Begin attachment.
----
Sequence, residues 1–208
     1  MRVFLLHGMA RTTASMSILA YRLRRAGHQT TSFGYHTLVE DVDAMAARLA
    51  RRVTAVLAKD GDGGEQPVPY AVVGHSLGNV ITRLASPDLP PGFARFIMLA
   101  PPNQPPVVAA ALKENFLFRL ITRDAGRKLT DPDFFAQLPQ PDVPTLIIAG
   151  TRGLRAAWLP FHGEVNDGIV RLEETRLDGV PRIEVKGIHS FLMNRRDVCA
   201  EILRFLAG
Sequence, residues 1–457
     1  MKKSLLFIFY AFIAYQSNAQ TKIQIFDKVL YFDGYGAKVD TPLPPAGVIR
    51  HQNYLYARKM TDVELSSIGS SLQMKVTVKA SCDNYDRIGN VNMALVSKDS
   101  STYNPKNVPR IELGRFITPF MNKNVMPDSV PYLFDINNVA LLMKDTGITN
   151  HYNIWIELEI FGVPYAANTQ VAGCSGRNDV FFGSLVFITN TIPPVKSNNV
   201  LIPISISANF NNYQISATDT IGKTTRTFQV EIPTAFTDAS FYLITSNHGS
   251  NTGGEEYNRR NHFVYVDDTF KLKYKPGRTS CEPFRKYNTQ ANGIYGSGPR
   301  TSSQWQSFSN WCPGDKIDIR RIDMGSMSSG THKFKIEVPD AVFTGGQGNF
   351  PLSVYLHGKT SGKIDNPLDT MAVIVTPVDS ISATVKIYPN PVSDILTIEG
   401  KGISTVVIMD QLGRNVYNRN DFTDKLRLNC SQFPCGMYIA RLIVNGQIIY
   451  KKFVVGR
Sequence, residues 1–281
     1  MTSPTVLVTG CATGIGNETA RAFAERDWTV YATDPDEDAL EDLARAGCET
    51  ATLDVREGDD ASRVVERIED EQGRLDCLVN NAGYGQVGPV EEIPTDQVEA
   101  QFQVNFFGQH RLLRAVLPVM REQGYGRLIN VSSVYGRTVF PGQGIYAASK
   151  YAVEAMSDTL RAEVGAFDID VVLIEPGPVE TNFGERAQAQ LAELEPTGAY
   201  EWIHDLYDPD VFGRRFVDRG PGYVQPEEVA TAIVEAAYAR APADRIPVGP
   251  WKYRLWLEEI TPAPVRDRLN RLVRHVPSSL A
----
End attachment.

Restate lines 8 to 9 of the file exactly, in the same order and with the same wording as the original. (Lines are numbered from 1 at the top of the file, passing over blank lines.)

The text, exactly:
     1  MKKSLLFIFY AFIAYQSNAQ TKIQIFDKVL YFDGYGAKVD TPLPPAGVIR
    51  HQNYLYARKM TDVELSSIGS SLQMKVTVKA SCDNYDRIGN VNMALVSKDS